The Grawemeyer Award in Religion is made possible by the creative generosity of the late H. Charles Grawemeyer. The purpose of the Award is to honor annually the most significant contributions to religious and spiritual understanding. Louisville Seminary, jointly with the University of Louisville, awards the $100,000 prize to honor and publicize creative and significant insights into the relationship between human beings and the divine. The award also recognizes ways in which this relationship may inspire or empower human beings to attain wholeness, integrity, or meaning, either individually or in community. Competition is open to persons of all religious and cultural world views and traditions for works presented or published within eight years of the award date.
Tanya Luhrmann, a Stanford University Professor of Anthropology, received the prize for the ideas set forth in her 2012 book, When God Talks Back: Understanding the American Evangelical Relationship with God.
Luhrmann wrote the book after four years of fieldwork in Chicago and Northern California with Vineyard Christian Fellowship, a church whose members speak in tongues and pray for healing. She observed and interviewed church members and took part in prayer groups, Bible study and weekly worship.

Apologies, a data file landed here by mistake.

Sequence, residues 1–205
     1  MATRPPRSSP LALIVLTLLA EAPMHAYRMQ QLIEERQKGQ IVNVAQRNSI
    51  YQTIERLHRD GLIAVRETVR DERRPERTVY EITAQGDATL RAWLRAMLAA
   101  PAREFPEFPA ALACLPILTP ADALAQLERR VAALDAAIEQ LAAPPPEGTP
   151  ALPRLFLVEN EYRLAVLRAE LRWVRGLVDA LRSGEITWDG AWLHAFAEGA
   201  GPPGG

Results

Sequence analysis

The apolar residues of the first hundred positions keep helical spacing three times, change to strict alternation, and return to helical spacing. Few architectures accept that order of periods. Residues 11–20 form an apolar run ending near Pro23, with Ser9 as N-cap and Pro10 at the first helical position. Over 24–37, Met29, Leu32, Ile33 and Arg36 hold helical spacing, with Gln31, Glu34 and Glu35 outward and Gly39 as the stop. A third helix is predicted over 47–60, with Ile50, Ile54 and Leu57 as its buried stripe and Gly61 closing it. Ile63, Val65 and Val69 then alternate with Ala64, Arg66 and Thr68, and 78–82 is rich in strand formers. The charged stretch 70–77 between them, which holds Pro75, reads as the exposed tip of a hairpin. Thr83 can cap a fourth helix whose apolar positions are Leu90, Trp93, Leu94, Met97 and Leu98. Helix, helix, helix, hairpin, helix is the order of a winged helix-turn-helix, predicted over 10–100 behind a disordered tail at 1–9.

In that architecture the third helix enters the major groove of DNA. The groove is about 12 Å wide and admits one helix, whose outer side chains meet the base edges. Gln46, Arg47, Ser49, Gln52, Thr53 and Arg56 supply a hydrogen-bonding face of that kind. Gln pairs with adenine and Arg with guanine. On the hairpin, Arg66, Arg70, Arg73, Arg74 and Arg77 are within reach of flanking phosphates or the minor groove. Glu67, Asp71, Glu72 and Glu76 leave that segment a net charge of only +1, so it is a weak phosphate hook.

After extensive research, she concluded that the evangelical experience of God involves a sophisticated play of mind cultivated through both individual practice and communal support.
Besides tracing the development of Pentecostalism and showing how questions of belief have changed in modern times, Luhrmann applies important theories from psychology and anthropology to explain what happens when evangelicals pray, said award director Shannon Craigo-Snell, a theology professor at Louisville Presbyterian Theological Seminary.
“Instead of asking ‘Is God real?’ she asks ‘How does God become real for people?” Craigo-Snell said. “She offers a compelling exploration of religious experience in evangelical communities and a captivating account of prayer as a way of training the mind to experience God.”